Before I go into specifics, though, I must first highlight an important date in my journey. January 26, 2013. In looking back at my calendar, that appears to be the date that I first scheduled a workout towards a goal I set. My new year’s resolution, although I prefer to call them new year’s themes or priorities, was to focus on healthy living, which included working out and eating better. I work at a university, so with the start of our spring semester it took me some time to get adjusted to the semester and focus on healthier living, as evidenced by me starting towards the end of January rather than the beginning. Needless to say, though, the end of January of 2013 was when I made a conscious decision and commitment to work out more and eat better. As a motivating factor, my partner, Daniel, and I were planning a vacation with friends to Pensacola, Florida for Memorial Day Weekend and with only four months between the end of January and the end of May, I knew I needed to get on it. So, that weekend in January, I hit the gym both days and have been going back ever since.

When I started, I weighed 167 pounds and wore (uncomfortably) 30-inch waist pants. I am only 5’8″, so pushing 170 pounds meant my Body Mass Index was well over the normal range. I went into working out with a goal of losing 1-2 pounds per week and hoping to lose about 20 pounds before our vacation. I had read that trying to lose more than 1-2 pounds per week is not healthy and so I kept that in mind as I changed my diet and started to work out. I think it is easy to want to lose a lot of weight really quickly and see results fast (I know I wanted to!), but what I learned through this is that taking things slow actually helps you in the long run. I think if I had tried to lose too much weight in a short amount of time I would have stopped because of how hard it would have been and how defeated I might have been if I did not lose as much weight as I wanted. In other words, my advice is this: set realistic (and healthy) weight lose goals. I have learned that you are trying to change your lifestyle which requires dedication and persistence, which can only happen if you set yourself up for success from the beginning. It really is a marathon, not a race, so I would definitely recommend setting smaller goals that work towards your larger goal.

Before starting working out, I had to first change my diet. This, honestly, is the biggest lifestyle change I had to make. You see, I drank multiple cans of Dr. Pepper a day and ate biscuits and gravy almost every weekday at work. I seriously had poor eating habits that required some serious attention. I was always of the belief that you work out so you can eat whatever you want. In my 20s, this might have worked, but since I am now in my 30s that no longer works. You have to eat healthy to be healthy, with or without working out. That was and still is the biggest hurdle for me. I grew up in the South and absolutely love anything fried and truly believe that butter makes everything better. Like quitting anything, the first step is admitting you have a problem and then doing something about it.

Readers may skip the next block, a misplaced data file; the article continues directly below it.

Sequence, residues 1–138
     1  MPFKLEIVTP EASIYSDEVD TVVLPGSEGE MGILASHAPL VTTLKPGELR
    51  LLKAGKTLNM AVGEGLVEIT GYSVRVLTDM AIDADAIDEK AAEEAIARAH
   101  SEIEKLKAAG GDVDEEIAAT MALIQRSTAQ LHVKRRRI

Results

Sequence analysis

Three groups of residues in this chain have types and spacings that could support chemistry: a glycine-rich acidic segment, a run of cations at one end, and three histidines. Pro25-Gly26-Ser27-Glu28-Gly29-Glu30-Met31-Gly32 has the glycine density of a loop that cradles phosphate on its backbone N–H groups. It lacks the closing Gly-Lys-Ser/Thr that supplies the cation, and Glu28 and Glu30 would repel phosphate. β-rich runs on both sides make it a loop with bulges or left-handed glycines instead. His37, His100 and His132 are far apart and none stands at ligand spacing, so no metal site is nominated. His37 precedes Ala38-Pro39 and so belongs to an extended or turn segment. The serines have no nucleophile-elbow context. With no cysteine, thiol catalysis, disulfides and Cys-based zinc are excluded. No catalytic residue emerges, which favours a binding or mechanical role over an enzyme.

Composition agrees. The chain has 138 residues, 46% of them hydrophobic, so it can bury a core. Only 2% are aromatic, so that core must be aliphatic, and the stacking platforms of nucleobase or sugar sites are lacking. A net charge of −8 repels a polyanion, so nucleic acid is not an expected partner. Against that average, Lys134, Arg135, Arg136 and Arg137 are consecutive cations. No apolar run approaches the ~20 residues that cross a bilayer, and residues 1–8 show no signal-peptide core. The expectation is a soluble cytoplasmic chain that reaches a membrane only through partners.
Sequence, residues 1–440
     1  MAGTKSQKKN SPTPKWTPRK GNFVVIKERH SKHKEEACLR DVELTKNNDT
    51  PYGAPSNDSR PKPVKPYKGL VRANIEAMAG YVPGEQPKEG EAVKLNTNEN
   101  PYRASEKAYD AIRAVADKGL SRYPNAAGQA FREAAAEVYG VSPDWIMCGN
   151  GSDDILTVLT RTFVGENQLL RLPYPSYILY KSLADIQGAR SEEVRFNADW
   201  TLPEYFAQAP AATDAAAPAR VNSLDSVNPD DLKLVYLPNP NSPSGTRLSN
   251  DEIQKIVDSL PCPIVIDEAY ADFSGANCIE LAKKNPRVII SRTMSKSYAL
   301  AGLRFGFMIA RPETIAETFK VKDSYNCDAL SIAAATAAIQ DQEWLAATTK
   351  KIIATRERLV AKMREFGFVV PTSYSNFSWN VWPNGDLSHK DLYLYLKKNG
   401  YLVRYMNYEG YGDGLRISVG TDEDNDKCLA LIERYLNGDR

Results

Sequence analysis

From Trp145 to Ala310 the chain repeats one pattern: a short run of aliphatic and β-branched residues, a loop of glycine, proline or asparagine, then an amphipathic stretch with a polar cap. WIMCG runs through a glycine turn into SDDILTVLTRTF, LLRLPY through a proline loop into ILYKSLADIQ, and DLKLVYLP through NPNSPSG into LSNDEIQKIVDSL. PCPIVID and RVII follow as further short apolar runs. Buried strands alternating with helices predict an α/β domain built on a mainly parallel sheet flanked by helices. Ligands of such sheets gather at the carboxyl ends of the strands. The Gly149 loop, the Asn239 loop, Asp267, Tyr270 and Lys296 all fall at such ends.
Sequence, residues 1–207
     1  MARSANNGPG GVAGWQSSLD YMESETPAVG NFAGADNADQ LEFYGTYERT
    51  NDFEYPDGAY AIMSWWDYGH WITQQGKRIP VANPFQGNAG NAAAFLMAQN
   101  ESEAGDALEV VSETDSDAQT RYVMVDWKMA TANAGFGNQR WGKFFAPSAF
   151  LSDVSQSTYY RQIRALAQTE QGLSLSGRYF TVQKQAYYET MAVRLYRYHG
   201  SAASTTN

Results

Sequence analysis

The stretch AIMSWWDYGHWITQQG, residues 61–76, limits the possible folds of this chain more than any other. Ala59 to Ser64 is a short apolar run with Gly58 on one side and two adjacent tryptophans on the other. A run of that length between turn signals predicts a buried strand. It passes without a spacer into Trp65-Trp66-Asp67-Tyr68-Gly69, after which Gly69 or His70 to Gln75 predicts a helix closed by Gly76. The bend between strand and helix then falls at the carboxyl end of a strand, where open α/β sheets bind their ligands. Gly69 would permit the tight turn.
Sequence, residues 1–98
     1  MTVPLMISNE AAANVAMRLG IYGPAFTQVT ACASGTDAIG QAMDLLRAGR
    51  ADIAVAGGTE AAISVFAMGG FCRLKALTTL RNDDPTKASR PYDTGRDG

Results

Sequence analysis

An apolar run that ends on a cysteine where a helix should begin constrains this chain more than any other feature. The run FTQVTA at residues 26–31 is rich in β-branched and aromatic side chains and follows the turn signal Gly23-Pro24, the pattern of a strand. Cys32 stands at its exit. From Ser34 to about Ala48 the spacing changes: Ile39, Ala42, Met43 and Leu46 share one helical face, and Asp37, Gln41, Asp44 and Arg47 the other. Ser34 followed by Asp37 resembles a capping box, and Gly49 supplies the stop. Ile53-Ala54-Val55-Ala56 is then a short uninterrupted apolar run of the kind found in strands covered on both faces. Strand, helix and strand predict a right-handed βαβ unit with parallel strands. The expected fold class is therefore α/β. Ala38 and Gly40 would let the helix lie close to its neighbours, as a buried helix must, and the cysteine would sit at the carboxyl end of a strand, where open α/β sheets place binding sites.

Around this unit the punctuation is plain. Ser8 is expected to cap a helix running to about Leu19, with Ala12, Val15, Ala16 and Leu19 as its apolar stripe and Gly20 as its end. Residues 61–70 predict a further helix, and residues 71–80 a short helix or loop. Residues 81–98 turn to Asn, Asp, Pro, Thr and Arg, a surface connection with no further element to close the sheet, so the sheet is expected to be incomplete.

So, I started by cutting a few items out of my diet. The main item was soda, specifically Dr. Pepper. For about three months, I did not drink soda at all. I replaced it solely with water. This was no easy feat for someone who had been drinking it by the gallons since I was a kid, but after a few weeks it turned into a habit and got easier. Still today, though, I will not lie and say I do not crave a good, cold soda, but it is much more manageable and I now prefer water most of the time. I also have transitioned to drinking coffee more than soda, so that still gives me the caffeine that I sometimes want but without all of the calories and sugar. If you drink a lot of soda and other carbonated beverages, I would recommend trying to give it up. Maybe start slow, like cutting it down from five cans a day to three, then two, then one, and then none. I think that is what I did because going cold turkey had not worked for me in the past and did not want to set myself up for failure. I just slowly cut it down in order to cut it out of my diet. So, step one, cut down empty calories like soda, followed by candy (I love chocolate!), ice cream (my ultimate favorite!), and carbs. I replaced unhealthy items like Rocky Road ice cream with low-fat yogurt and white bread with multigrain bread. It is not about cutting everything out of our diet, but just about eating healthier and making smarter choices. I think that cutting soda out of my diet (for the most part) and eating a low-fat Yoplait yogurt (approximately 90 calories) and granola bar (approximately 100 calories) with a cup of coffee for breakfast instead of soda and a combination of a Poptart or biscuits and gravy made a big difference in my diet. That small change in my routine probably helped me cut several pounds.